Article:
Saturn is one of the most recognisable planets in the solar system. Ask any school child what Saturn looks like and they will draw you a round circle with rings around it – simple! But did you know there is far more to Saturn than those well known rings?
The rings were discovered in 1610
When Galileo first spotted Saturn, he wasn’t sure what the rings actually were. He initially thought that they may be two large moons stuck to either side of the planet! In 1655, Dutch astronomer Christian Huygens used a telescope with stronger resolution and realised that the “two large moons” were actually rings.
Saturn is the least dense planet in the solar system
Saturn is, amazingly, less dense than water. If you found a pool large enough to put the gas giant into, it would float! Saturn’s official density is 0.687 grams per cubic centimetre, while Earth is 5.52, and water is 1.
The planet is flat
Ok, not actually flat. But because of the speed at which it spins on it axis, it appears flattened out a little at the top with the equator bulging out.
Saturn has 62 moons
…So far. As more expeditions are launched, more will be discovered about this planet and its satellites, but for now we are aware of 62 moons, some as large as Titan – the second largest moon in the solar system – but most are just a few kilometres across and don’t even have names.
No one knows how old the rings are
Unbelievably, given that Saturn’s rings are its signature, no one actually knows how old they are or where they came from. There is speculation that they may have been around since the solar system began, about 4.5 billion years ago, or maybe relatively recently after a 300km ice moon was torn apart by Saturn’s gravity and formed the planet’s distinctive rings.
Saturn can be seen with the naked eye
This is one of the five planets that can be seen with the naked eye. You won’t be able to see the rings without the use of a telescope, but you can spot the planet itself and impress your friends with your astronomical knowledge.
Only 4 spacecraft have ever visited Saturn
The first three visitors were just fly bys; Pioneer 2 in 1979, then Voyager 1 in 1980, and Voyager 2 in 1981. In 2004, Cassini went into orbit around the planet and took photographs of the planet, its rings and its moons and brought back more information than had ever been seen. No future missions are definitely planned, but some radical missions have been proposed, as far as a sailboat that can travel across the liquid methane lakes of Titan. Fingers crossed!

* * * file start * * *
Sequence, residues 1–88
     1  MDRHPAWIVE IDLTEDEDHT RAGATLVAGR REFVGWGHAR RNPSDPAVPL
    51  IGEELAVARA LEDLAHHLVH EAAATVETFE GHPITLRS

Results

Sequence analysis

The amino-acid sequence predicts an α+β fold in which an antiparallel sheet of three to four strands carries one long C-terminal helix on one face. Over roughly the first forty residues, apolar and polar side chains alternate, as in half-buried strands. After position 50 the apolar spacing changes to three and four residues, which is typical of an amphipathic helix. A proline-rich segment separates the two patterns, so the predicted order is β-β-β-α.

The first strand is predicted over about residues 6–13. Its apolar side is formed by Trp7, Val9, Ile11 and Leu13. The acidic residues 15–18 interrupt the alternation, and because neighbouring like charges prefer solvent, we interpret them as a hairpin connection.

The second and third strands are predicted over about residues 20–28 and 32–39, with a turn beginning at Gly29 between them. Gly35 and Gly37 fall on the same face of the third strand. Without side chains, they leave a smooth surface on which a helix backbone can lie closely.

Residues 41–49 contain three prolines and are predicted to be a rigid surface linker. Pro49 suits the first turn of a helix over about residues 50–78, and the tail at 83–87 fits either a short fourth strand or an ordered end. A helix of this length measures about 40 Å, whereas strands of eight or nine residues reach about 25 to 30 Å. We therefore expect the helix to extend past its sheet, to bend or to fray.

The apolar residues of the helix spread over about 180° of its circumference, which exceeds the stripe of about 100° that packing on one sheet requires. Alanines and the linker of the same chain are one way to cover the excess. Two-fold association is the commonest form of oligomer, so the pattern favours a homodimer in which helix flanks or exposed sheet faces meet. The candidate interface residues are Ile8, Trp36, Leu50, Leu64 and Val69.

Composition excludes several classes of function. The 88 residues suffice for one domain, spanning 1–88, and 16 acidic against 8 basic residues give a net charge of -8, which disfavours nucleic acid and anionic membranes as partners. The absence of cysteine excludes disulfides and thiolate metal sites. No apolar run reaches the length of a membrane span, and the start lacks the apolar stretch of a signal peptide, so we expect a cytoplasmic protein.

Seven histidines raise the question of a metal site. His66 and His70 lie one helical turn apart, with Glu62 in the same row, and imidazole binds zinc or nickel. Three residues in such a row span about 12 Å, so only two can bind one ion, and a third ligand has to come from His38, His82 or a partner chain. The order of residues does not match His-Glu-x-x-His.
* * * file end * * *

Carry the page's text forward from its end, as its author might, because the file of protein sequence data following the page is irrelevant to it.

Saturn is composed mostly of hydrogen
The layers of this hydrogen get thicker and thicker the farther into the planet they go, until eventually they go so deep that they turn into a metallic, hot core.
Saturn appears yellow
This is because of the atmosphere, which is comprised partly of ammonia – these crystals make the planet look yellow.
Saturn is named after a Roman god
Saturn was the father of Jupiter, who was the king of the gods. This makes sense, given the relative size of the two biggest gas giants.
Saturn takes 29.4 years to orbit the sun
This is one of the longest rotations against the backdrop of the stars, and led to Saturn’s nickname “Lubadsagush”, meaning “oldest of the old” given to it by the ancient Assyrians.
It has the fastest winds of any other planet in the solar system
The winds have been measured at around 1,100 miles per hour. This puts our hurricanes into perspective, doesn’t it!
Saturn is HOT
The temperatures in the interior of the planet can reach 11,700 degrees Celcius. A bit too warm for sunbathing!
Saturn emits more radiation than it receives from the sun
This is what is known as the Kelvin-Helmholtz mechanism, which is a confusing term which means that it creates its own energy through gravitational compression of the planet because of the huge mass. This doesn’t account for the whole amount of energy emitted however, so scientist have speculated that Saturn also creates extra heat due to the friction of helium rain.